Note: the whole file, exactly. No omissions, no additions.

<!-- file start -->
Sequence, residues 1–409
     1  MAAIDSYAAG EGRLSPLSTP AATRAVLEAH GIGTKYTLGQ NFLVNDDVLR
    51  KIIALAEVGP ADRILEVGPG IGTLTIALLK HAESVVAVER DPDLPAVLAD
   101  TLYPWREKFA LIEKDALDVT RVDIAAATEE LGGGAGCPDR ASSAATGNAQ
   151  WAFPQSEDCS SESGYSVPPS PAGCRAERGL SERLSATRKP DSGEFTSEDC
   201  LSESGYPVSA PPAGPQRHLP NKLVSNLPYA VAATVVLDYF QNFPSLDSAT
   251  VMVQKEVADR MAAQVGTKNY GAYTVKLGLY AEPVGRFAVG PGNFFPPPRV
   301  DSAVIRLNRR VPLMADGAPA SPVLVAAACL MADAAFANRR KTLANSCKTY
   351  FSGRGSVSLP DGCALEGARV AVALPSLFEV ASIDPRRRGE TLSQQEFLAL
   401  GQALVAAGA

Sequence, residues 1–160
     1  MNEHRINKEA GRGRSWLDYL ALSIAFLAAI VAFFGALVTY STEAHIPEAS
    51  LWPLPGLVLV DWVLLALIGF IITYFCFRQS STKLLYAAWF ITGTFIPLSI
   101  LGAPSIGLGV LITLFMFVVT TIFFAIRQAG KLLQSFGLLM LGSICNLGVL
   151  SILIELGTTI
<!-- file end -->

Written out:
Sequence, residues 1–409
     1  MAAIDSYAAG EGRLSPLSTP AATRAVLEAH GIGTKYTLGQ NFLVNDDVLR
    51  KIIALAEVGP ADRILEVGPG IGTLTIALLK HAESVVAVER DPDLPAVLAD
   101  TLYPWREKFA LIEKDALDVT RVDIAAATEE LGGGAGCPDR ASSAATGNAQ
   151  WAFPQSEDCS SESGYSVPPS PAGCRAERGL SERLSATRKP DSGEFTSEDC
   201  LSESGYPVSA PPAGPQRHLP NKLVSNLPYA VAATVVLDYF QNFPSLDSAT
   251  VMVQKEVADR MAAQVGTKNY GAYTVKLGLY AEPVGRFAVG PGNFFPPPRV
   301  DSAVIRLNRR VPLMADGAPA SPVLVAAACL MADAAFANRR KTLANSCKTY
   351  FSGRGSVSLP DGCALEGARV AVALPSLFEV ASIDPRRRGE TLSQQEFLAL
   401  GQALVAAGA

Sequence, residues 1–160
     1  MNEHRINKEA GRGRSWLDYL ALSIAFLAAI VAFFGALVTY STEAHIPEAS
    51  LWPLPGLVLV DWVLLALIGF IITYFCFRQS STKLLYAAWF ITGTFIPLSI
   101  LGAPSIGLGV LITLFMFVVT TIFFAIRQAG KLLQSFGLLM LGSICNLGVL
   151  SILIELGTTI